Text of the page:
SUNY New Paltz’s Harrington STEM Lecture Series resumes this fall with three fascinating discussions delivered by three of the nation’s most respected scientists and researchers.
The fall 2019 slate includes talks on complex molecules that may hold secrets about the origins of life; a discussion of innovative technologies helping geologists make new discoveries; and recent advances in scientists’ understanding what triggers massive earthquakes.
All lectures are held on the New Paltz campus in the Coykendall Science Building Auditorium beginning at 5 p.m. They are free and open to the public, and include a reception at 4:30 p.m. that offers students, faculty and community members a chance to speak with the visiting scholars.
Harrington STEM Lectures are composed for audiences of all backgrounds, in order to present important new scientific knowledge in a style that is compelling and accessible to experts and non-experts alike.
New this year, the lectures are broadcast live online for those who may be unable to attend in person. Visit https://www.newpaltz.edu/sse/harrington/ at the times of the lectures for links to the broadcasts.
This School of Science & Engineering colloquium series is named for John Harrington, the School’s founding Dean, in honor of his years of dedication to science, education and collaboration across the STEM disciplines.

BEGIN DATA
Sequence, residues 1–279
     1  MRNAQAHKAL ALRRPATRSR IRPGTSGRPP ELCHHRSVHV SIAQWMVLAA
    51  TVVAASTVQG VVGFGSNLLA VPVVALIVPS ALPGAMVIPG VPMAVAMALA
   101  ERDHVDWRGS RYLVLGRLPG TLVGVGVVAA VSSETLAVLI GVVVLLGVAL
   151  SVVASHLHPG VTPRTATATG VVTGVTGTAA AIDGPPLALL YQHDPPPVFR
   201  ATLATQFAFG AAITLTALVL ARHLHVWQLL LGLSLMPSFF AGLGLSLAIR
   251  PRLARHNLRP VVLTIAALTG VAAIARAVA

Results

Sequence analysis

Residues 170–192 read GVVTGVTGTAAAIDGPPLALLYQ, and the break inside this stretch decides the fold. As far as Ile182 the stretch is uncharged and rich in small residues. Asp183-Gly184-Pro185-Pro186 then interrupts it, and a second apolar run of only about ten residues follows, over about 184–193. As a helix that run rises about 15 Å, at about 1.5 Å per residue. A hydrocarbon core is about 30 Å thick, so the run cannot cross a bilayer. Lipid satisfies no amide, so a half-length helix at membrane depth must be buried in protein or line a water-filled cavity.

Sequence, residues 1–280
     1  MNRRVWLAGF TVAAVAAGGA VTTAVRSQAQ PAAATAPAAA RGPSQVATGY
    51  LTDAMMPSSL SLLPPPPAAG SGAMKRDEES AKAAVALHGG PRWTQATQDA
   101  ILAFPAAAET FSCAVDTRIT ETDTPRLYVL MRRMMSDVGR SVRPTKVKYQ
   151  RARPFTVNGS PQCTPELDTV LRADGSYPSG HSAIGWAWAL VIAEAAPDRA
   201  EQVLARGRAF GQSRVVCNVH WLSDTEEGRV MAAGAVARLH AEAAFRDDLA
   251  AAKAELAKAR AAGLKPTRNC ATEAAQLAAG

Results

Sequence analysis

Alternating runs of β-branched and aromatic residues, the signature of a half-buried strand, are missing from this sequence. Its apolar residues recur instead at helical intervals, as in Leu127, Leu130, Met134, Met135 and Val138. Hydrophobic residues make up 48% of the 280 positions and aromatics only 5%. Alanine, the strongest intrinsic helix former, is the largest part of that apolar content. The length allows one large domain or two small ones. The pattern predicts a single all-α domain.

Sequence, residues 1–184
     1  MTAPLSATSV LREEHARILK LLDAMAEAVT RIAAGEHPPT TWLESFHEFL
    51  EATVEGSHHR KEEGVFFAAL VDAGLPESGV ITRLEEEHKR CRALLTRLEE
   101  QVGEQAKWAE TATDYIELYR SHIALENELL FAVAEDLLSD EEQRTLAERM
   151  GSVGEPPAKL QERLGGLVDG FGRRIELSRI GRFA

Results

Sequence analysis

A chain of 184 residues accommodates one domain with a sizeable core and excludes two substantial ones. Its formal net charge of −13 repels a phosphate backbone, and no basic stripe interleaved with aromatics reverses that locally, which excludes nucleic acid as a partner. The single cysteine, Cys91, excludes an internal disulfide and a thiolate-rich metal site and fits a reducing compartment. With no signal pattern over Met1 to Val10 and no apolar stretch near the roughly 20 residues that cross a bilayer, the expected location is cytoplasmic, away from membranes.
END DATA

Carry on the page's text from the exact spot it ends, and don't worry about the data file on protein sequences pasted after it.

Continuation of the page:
For more information, please email firstname.lastname@example.org or call 845-257-3784.
Tuesday, Sept. 24, 5 p.m.
“Cosmic Lego: Making Molecules on Stardust”
Gianfranco Vidali, Professor of Physics, Syracuse University
Abstract: How did life emerge on Earth? This question might not have an answer yet but, as proposals for a non-terrestrial origin of life have gained some traction lately, astrophysicists and astrochemists have begun to ask whether there are molecules in space that are complex enough to be the building blocks of life.
Tuesday, Oct. 22, 5 p.m.
“Looking Inside of Rocks”
Dustin Crandall, Research Engineer, National Energy Technology Lab, West Virginia
Abstract: Computed tomography scanners enable researchers to examine different phenomena important for energy production – from dynamic fluid-floods within rocks to identification of complex structures and material features. This presentation will illuminate research at the National Energy Technology Laboratory that is focused on examining the fundamental physical phenomena that control flow in the subsurface.
Tuesday, Nov. 12, 5 p.m.
“Imaging the Source of Large Subduction Zone Earthquakes”
Anne Becel, Assistant Research Professor of Marine Geology and Geophysics, Lamont-Doherty Earth Observatory, Columbia Univ. Earth Institute
Abstract: Subduction zones produce the largest earthquakes and most devastating associated tsunamis on the planet. Although our ability to anticipate the timing and impact of future great earthquakes remains elusive, recent advances in earth science have allowed us to improve our understanding of the physical processes that trigger large earthquakes and control how they evolve.
If you have accessibility questions or require accommodations to fully participate in this event, please contact the School of Science & Engineering at email@example.com as soon as possible.